Best of times for Ir­ish love af­fair with Manch­ester United

Best, Bren­nan and Dunne were at the heart of a jour­ney from the Mu­nich air dis­ater to Euro­pean glory

The Irish Times - Sports Weekend - - SOCCER - Ruadhrí Croke

They never re­ally spoke about the 1958 Mu­nich air dis­as­ter at Manch­ester United. The un­speak­able tragedy was ex­actly that – un­speak­able. As goal­keeper Alex Step­ney would write years later, “it seemed taboo” to talk about the eight United play­ers, three staff mem­bers, eight jour­nal­ists, two crew mem­bers and two other pas­sen­gers who had per­ished on that snowy run­way in Bavaria.

And yet it was there. A silent, seething, driv­ing force that pushed man­ager Matt Busby and his play­ers all the way to the Euro­pean Cup fi­nal in 1968, re­sult­ing in them be­com­ing the first English team to lift the tro­phy and vin­di­cat­ing Busby’s work which started in the 1956/57 sea­son when he had per­suaded the FA to al­low United be the English pioneers on the Euro­pean foot­ball stage.

On that night of May 29th, 1968 – 50 years ago this month – with Step­ney in goal, the Ir­ish duo of Shay Bren­nan and Tony Dunne at full-backs, the mer­cu­rial Ge­orge Best up front, and Mu­nich sur­vivors Bobby Charl­ton and Bill Foulkes mak­ing up the spine of the team, United de­feated Ben­fica 4-1 at Wem­b­ley to lay the foun­da­tions that would see English teams crowned kings of Europe on 11 oc­ca­sions since.

Rep­re­sent­ing The Ir­ish Times at Wem­b­ley, Peter Byrne wrote: “Manch­ester United’s pur­suit of the Euro­pean Cup, an 11-year trek which has en­com­passed vir­tu­ally ev­ery ma­jor foot­ball sta­dium on the con­ti­nent, ended in glo­ri­ous tri­umph at Wem­b­ley last night when, after be­ing held to level scores at the end of the 90 min­utes, they over-ran Ben­fica of Por­tu­gal in 30 min­utes of ex­tra time, to suc­ceed Glas­gow Celtic as cham­pi­ons.

“This was the corona­tion for Busby after he re­built the team in the af­ter­math of 1958,” Byrne says now. “One of my abid­ing mem­o­ries of the night was, when the fi­nal whis­tle went at the end of ex­tra time, Charl­ton came run­ning across the pitch. Busby had just come on the pitch and Charl­ton em­braced him.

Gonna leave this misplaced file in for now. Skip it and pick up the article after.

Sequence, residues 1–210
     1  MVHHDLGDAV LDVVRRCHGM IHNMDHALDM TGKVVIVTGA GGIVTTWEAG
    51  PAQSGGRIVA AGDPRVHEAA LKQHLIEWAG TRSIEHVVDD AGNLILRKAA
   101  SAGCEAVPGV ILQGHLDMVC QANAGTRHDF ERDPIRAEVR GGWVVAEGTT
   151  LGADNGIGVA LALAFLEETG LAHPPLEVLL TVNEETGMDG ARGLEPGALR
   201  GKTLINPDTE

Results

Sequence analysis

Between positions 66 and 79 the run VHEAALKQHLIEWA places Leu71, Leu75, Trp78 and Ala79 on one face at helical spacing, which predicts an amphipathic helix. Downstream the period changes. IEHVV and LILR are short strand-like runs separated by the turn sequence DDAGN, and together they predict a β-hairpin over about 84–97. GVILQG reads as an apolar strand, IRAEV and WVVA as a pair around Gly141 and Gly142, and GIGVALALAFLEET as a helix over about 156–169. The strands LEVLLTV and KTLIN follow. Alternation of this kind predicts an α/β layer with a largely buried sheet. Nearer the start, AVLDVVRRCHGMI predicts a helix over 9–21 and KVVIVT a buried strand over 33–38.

“It was a re­mark­able out­pour­ing of emo­tion as Charl­ton was a very con­ser­va­tive man, not flam­boy­ant in any way. This was such a joy­ous oc­ca­sion he seemed to for­get his in­hi­bi­tions.”

Sign of the times

The emo­tion was strong that night, and Charl­ton en­cap­su­lated it in his out-of-char­ac­ter cel­e­bra­tion. Mu­nich had been such a trau­matic oc­ca­sion for every­one in­volved that it was a won­der Charl­ton and Foulkes were play­ing at all but that, in it­self, was a sign of the times.

The at­ti­tude was very much get up and get on with it, us­ing the mem­o­ries of their for­mer friends to spur them on. Charl­ton’s brother Jack would later say that Fe­bru­ary 6th, 1958, was the day Bobby “stopped smil­ing”. He was cer­tainly smil­ing 10 years later at Wem­b­ley.

It was his header in the 53rd minute which had put United into the lead be­fore Jaime Graca equalised with 11 min­utes to go.

At that stage it looked as if the pen­du­lum had swung in the favour of Ben­fica as the 92,225 peo­ple in­side Wem­b­ley – al­most all of whom were sup­port­ing United – held their breath.

“It was so, so ter­ri­bly tense,” Byrne says. “About three or four min­utes from the end Euse­bio went straight through on his own. The United fans couldn’t watch it at this stage. He was one-on-one with Step­ney but Step­ney came off his line, nar­rowed the an­gle and stopped the shot. That was the piv­otal mo­ment.”

Both sides were flag­ging as the fi­nal whis­tle went and, with 30 min­utes ex­tra time to be played and no sub­sti­tutes avail­able, it was now a bat­tle of stamina.